Linezolid, an oxazolidinone, is a new antibiotic available intravenously and orally. It is the only oral antibiotic with proved efficacy against MRSA in controlled clinical trials. [27] Linezolid exhibits bacteriostatic activity against MRSA via binding to the 50S ribosomal subunit and preventing toxin formation. It also has excellent activity against Group A streptococci. [27]

Daptomycin is a bactericidal, cyclic lipoprotein that causes depolarization of bacterial cell membranes. Its clinical efficacy is comparable to vancomycin, and 97% of S. aureus strains are susceptible to daptomycin, including some vancomycin-resistant S. aureus (VRSA) strains. Daptomycin is the drug of choice for patients with severe MRSA infections or bacteremia who are intolerant of vancomycin or for patients with VRSA infections, which are sensitive to daptomycin. [28]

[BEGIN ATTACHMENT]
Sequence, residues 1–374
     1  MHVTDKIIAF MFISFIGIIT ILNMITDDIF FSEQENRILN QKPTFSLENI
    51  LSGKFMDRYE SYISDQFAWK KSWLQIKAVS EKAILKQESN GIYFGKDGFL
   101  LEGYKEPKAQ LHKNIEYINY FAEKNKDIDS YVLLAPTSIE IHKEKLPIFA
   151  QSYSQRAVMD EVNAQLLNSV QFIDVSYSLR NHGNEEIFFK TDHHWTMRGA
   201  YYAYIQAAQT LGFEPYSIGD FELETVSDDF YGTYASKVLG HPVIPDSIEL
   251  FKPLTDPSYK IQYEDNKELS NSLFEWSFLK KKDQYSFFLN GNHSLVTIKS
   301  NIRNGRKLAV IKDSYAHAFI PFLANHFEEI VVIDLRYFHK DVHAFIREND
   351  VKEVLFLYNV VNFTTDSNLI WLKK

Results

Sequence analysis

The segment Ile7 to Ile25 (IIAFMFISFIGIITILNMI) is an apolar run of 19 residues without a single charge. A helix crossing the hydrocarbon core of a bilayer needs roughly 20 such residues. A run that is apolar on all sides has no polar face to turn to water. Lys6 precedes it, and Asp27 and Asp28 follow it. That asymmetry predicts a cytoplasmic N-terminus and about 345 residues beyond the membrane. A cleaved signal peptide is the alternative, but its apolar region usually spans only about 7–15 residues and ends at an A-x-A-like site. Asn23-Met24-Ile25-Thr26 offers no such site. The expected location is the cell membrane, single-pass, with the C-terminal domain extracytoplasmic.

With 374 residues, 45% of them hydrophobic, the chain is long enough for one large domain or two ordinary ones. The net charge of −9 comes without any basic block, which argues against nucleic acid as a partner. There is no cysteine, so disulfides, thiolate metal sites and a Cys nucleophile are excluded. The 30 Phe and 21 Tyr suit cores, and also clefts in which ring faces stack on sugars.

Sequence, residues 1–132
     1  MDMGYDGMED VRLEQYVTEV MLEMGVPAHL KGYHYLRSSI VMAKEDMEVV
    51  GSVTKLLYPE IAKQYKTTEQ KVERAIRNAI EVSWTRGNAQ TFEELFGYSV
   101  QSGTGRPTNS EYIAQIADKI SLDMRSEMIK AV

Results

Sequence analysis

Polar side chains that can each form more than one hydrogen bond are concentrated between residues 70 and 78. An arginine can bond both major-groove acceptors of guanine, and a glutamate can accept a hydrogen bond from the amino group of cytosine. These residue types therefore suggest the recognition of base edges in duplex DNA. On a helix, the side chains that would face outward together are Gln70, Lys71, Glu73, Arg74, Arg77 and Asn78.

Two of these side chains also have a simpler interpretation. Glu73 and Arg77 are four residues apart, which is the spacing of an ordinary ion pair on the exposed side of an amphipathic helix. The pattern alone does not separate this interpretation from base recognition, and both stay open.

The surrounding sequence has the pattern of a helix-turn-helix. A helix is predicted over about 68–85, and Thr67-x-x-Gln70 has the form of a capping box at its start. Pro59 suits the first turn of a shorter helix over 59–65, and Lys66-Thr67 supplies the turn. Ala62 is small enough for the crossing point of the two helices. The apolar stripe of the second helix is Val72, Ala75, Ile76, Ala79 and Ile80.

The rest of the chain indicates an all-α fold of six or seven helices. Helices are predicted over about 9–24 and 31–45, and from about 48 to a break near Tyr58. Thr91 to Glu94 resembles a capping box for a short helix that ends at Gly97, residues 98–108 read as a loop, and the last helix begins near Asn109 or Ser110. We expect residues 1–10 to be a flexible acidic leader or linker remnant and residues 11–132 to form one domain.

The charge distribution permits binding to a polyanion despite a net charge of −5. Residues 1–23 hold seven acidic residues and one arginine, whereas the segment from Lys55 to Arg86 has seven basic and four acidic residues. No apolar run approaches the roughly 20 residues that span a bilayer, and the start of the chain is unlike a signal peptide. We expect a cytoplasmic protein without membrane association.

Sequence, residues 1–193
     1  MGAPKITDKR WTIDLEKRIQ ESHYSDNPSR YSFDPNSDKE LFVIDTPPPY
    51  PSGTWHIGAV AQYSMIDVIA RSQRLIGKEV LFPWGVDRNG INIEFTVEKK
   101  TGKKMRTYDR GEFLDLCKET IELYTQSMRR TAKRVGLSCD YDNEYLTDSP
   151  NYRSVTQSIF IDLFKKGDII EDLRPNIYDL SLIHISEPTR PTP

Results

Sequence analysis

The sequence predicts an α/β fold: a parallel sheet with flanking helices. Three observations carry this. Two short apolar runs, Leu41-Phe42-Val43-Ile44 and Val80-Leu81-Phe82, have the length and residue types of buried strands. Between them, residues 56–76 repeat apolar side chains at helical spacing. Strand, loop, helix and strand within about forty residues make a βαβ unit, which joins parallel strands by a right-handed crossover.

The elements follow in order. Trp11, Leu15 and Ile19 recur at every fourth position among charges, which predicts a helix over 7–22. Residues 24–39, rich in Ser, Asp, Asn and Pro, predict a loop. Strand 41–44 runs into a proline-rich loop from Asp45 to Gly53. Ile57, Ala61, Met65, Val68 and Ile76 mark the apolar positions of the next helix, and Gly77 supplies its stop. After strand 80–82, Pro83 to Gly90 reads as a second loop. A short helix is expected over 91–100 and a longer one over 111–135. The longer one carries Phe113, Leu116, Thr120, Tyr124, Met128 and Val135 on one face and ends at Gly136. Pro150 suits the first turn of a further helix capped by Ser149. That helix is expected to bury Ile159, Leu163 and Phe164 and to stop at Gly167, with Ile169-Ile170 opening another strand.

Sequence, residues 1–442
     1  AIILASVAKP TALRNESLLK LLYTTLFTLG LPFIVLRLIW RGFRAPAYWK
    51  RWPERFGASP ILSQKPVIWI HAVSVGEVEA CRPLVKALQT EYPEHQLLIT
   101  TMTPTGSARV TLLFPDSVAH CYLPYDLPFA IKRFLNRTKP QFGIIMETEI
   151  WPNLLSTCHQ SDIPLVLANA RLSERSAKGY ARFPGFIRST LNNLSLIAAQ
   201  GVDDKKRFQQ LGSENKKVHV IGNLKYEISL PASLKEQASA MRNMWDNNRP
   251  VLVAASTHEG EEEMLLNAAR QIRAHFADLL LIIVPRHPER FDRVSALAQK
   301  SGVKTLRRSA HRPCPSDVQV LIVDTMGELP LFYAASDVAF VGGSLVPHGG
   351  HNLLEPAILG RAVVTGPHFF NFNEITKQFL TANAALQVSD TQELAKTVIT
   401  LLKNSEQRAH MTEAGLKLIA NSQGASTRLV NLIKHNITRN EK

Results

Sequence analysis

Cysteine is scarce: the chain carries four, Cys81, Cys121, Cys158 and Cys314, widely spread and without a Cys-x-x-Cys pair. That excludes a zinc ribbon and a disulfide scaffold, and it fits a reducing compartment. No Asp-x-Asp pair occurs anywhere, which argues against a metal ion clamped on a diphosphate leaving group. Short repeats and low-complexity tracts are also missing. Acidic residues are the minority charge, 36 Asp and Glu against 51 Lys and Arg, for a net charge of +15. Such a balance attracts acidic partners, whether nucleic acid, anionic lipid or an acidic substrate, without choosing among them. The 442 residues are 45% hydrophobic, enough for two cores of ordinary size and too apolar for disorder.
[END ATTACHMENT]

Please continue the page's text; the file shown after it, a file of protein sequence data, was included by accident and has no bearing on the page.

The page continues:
The streptogramin combination of quinupristin-dalfopristin has synergistic antibacterial activity in vitro against a wide array of Gram-positive organisms. [29] Tigecycline is bacteriostatic against MRSA with documented in vitro activity against VRSA and vancomycin-insensitive S. aureus. [30]

Newer MRSA agents include the semisynthetic lipoglycopeptides, dalbavancin, telavancin, and oritavancin, all of which are bactericidal and inhibit cell wall synthesis. Dalbavancin has a long half-life, which allows a simple dosing schedule (100 mg on day 1 and 500 mg on day 8 of treatment). [31]

Ceftobiprole and ceftaroline are novel cephalosporins that target aberrant bacterial penicillin-binding proteins involved with MRSA furunculosis. [32]

Recently, tedizolid, an oxazolidinone antibiotic, was approved by the Food and Drug Administration as once daily regimen for treatment of MRSA infections. It is better tolerated than linezolid in terms of nausea, GI side effects, and platelet dysfunction. [33]

 Recent Developments